Just so you know — its coming — and it is not going to be pretty.
‘And what, exactly, are you referring to?’ you may ask.
I am referring to the spring market — and if you are planning to buy a home this spring, you need to get prepared to be a part of what is going to be a likely unpleasant experience.
Wait, what?!? Buying a house is supposed to be wonderful and satisfying and amazing and fulfilling! It is where are going to raise our family and put down roots. We are going to have a green yard and a white picket fence and the birds will chirp, the flowers will bloom, music will play, and we will skip through the front door to our dream house and make our entire family dinner on holidays and have friends over for barbecues! And we will get a 3% mortgage and build equity and experience the American Dream! What are you talking about?!?
Sorry to burst your bubble, but that is not the case.
Buying a home should be all of the things mentioned above, and more. And it still can be — if you know what you are doing. But if your expectation that you, as the buyer, are in charge, then you will be sorely mistaken.
Warning that this is a bit of a long post, but an important one. Just know that buying a home in the spring market — for the best price and best terms — is not a 3 paragraph article.
The Concept of Market Balance
Generally speaking, markets can either be ‘Buyer’s Markets’ or ‘Seller’s Markets,’ depending on which side market conditions favor. As the names would suggest, a buyer’s market is when there are more sellers than buyers and the buyer’s get to dictate terms. And as you can imagine, the converse could also be true.
Many different metrics exist to measure market balance — but the number one measurement to determine who has the power is inventory. Real estate inventory is measured in months of supply, which tells us that if no new homes were to come to the market, how long would there be an available supply of homes to buy.
Inventory is computed using two factors — the number of available houses and the rate at which they are being absorbed.
- 1,000 homes for sale / 100 per month being absorbed = 10 month supply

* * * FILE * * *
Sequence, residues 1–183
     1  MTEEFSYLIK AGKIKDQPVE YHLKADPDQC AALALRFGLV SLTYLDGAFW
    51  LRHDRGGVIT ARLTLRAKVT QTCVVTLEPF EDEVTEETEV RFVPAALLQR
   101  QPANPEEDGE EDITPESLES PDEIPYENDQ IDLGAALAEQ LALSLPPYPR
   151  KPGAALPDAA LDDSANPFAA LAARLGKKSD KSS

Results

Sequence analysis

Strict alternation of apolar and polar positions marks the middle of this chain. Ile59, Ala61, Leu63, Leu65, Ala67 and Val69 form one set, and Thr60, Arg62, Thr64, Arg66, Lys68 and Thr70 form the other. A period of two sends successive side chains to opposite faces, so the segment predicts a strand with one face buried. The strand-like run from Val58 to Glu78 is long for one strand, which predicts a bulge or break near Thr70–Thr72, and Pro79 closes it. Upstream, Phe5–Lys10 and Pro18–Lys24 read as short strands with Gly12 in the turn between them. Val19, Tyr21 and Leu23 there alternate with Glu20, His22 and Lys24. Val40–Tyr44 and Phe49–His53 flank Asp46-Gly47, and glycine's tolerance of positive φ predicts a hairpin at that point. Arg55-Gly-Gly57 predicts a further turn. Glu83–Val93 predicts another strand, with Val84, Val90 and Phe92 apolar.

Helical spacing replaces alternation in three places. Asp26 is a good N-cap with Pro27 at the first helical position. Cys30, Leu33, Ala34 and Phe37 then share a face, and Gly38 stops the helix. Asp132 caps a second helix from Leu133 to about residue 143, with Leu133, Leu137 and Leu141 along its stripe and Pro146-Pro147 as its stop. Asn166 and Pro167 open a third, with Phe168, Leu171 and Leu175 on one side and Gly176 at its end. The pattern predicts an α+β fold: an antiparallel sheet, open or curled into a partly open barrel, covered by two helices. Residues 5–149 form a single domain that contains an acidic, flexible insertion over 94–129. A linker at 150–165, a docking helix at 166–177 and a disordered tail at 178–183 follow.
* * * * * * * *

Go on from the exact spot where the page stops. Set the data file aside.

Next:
- 1,000 homes for sale / 200 homes per month being absorbed = 5 month supply
- 500 homes for sale / 250 homes per month being absorbed = 2 month supply
The market is generally considered “balanced” when you have roughly 6 months of supply. Anything less is considered a sellers market and anything more is a buyers market.
Other metrics to consider include seller discounts, marketing times, and of course, pricing.
What do these charts tell you?
As you can see, inventory across the region is incredibly low. We entered a seller’s market in 2013 and it has only gotten more pronounced.
The discount sellers are willing to take to sell their home also ebbs and flows throughout the year — by sometimes as much as 3% or more.
And the difference in marketing times is striking, too. As the spring market accelerates, the times houses spend on the market decreases by a factor of 3.
You guessed it, we are in a pretty strong seller market.
Buying in a Seller’s Market
So I haven’t scared you off yet?
Great! Just remember that while difficult, buying a quality home in a seller’s market, especially when you are in an inventory constrained sub-market (the Fan and Museum Districts, Near West End, Bellevue come to mind), can be done if you know what are doing.
Lets talk about the best way to go about buying in what is an extremely strong seller’s market and come out of it with the house you want, at the best price achievable, and with your sanity still somewhat in tact.
Adjust Your Mindset
What we tell our buyers when buying in a strong seller’s market is to adjust your expectations — on all fronts. Seller’s behave differently (ok, poorly) when they have the upper hand and you need to be able to deal with it. They respond late, don’t honor dates, refuse to make repairs or reasonable concessions and often times just act kind of jerky.
The need for objectivity in your actions is key. While house hunting is emotional, fight the urge to get angry when things don’t go your way. A house is an asset, nothing more. There are literally hundreds of thousands of them in our market and anywhere between 15,000 to 20,000 transfer in any given year. Don’t take it personally.
Any house that is worth owning is going to have multiple buyers seeking it and odds are, you need to understand that the likelihood of having to navigate a multiple offer situation is high.